Wednesday, November 18
The Fascinating Tales of an Amazing Feat of Engineering
by Martin W. Sandler
National Geographic 2009
This is the odd tale of a man named Alfred Ely Beach and his plan to construct the first underground transit system in New York City in the late 1800's. Well illustrated and explained, curious readers will be treated to a world full of secret digging, corrupt politicians, unwieldy inventions, and a city on the verge of collapse due to excessive crowding and manure covered streets. Nothing at all like modern times.
Beach's plan for a pneumatic tubeway is presented in great, twisty detail as he sorts out problems keeping his project secret and dealing with the corrupt Boss Tweed of the Tammany Hall political machine. Sandler presents up all the key players nicely and sets the stage for the demonstration of the city's first subway, then follows through with the political pressure that put a halt to construction of a larger system and the eventual Renaissance of the much improved system still in place today.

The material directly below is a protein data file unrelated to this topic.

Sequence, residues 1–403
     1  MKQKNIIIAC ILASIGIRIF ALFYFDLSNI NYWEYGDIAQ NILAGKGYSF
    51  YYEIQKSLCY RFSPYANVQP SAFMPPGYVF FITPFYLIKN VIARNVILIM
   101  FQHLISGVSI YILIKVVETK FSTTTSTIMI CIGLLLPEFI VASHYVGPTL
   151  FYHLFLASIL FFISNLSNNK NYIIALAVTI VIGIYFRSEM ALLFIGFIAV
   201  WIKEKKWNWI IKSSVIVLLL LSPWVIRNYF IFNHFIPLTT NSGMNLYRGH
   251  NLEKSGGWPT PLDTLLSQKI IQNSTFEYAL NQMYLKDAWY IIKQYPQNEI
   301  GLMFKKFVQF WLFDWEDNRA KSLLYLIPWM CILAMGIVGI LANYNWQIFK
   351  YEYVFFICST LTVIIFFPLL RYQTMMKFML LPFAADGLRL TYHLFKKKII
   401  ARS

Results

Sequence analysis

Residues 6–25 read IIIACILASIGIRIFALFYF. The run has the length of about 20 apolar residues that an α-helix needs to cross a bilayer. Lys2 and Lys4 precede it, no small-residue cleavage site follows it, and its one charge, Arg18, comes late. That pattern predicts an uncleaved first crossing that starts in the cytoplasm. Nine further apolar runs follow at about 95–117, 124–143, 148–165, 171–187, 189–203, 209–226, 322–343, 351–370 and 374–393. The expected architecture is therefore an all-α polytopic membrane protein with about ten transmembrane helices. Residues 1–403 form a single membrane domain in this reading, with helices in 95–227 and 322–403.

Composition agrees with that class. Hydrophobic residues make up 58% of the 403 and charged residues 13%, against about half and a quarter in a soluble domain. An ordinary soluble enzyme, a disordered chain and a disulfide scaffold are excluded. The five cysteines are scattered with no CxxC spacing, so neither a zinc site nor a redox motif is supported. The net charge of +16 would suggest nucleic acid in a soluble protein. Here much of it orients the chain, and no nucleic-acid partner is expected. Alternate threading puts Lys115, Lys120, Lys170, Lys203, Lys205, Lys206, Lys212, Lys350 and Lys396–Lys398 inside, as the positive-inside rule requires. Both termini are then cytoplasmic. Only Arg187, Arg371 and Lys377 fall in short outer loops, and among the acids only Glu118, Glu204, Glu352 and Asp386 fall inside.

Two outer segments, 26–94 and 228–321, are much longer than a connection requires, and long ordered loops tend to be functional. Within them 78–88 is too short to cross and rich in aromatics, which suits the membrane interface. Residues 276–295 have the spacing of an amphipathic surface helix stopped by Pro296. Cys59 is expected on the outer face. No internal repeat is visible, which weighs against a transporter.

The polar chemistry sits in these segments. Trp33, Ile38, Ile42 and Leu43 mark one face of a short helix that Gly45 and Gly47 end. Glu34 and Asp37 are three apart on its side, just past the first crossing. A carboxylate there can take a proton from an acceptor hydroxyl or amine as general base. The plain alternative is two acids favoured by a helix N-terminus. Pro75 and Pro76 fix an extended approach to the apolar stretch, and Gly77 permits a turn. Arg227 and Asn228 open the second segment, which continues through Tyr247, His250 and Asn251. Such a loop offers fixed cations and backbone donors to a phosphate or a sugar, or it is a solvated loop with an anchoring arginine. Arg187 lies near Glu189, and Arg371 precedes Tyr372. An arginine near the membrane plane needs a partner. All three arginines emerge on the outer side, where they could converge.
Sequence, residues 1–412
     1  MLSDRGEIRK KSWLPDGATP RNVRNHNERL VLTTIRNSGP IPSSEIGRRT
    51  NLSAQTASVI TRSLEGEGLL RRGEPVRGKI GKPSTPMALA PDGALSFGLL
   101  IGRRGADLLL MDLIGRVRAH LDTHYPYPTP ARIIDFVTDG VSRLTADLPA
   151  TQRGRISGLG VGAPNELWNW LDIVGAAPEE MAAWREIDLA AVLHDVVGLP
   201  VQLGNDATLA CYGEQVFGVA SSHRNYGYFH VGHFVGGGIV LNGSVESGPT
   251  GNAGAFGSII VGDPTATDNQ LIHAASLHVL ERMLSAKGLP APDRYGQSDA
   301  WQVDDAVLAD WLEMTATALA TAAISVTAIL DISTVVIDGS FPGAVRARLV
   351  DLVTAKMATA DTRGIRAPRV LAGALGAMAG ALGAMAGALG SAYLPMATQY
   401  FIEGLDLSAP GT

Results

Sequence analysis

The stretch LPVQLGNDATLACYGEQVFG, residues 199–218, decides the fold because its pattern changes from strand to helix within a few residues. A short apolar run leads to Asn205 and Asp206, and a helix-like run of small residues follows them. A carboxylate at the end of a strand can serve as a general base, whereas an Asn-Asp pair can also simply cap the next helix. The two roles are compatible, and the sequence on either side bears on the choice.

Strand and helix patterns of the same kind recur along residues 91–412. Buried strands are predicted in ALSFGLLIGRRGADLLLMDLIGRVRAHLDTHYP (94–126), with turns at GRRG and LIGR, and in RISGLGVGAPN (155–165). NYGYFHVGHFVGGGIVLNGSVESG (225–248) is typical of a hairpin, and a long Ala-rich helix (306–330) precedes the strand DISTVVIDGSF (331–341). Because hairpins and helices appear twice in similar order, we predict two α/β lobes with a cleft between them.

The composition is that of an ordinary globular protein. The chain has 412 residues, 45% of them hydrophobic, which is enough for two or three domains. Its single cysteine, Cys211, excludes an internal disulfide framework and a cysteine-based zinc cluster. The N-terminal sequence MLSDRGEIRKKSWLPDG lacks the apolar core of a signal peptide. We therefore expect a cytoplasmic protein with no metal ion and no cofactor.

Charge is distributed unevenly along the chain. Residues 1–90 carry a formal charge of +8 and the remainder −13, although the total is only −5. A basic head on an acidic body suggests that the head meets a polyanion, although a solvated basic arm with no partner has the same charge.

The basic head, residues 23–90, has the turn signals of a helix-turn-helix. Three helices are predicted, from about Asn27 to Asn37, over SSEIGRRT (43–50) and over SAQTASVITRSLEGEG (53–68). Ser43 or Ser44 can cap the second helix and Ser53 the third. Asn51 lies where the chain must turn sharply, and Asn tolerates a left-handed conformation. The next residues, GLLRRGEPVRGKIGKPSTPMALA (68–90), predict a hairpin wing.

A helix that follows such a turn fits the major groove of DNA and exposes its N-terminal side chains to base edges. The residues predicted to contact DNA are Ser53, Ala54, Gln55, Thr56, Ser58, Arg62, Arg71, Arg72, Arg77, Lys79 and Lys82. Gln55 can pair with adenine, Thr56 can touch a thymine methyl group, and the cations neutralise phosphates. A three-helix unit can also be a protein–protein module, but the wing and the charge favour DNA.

Although it makes a briefest attempts to set the New York subway system within the context of other subways in Europe, I think I would have liked some comparisons with other mass transit problems and solutions. The elevated trains that sprouted up before the subways are shown negatively, yet they also appeared in other cities around he same time, suggesting that ideas about mass transit weren't isolated to one particular city. Chicago and Boston, for example, managed to have their mass transit in place before New York, but there is no mention of either of these systems or how any of them influenced each other.
Also, as far as the subtitle's hyperbole, while the tale is fascinating, the engineering doesn't really come off as being particularly amazing. For a book that better lays out how a subway is engineered Joe McKendry's Beneath the Streets of Boston: Building America's First Subway is probably the way to go.
When it comes to non-fiction for kids I like to walk away feeling like I learned something, even if I'm already familiar with the topic. It's a shame of my education that I learned more about Boss Tweed than I remember learning in my AP US History class back in the day. Of course, the fault here could be in my study habits, but I have a much better picture of the political fixer now than I did before.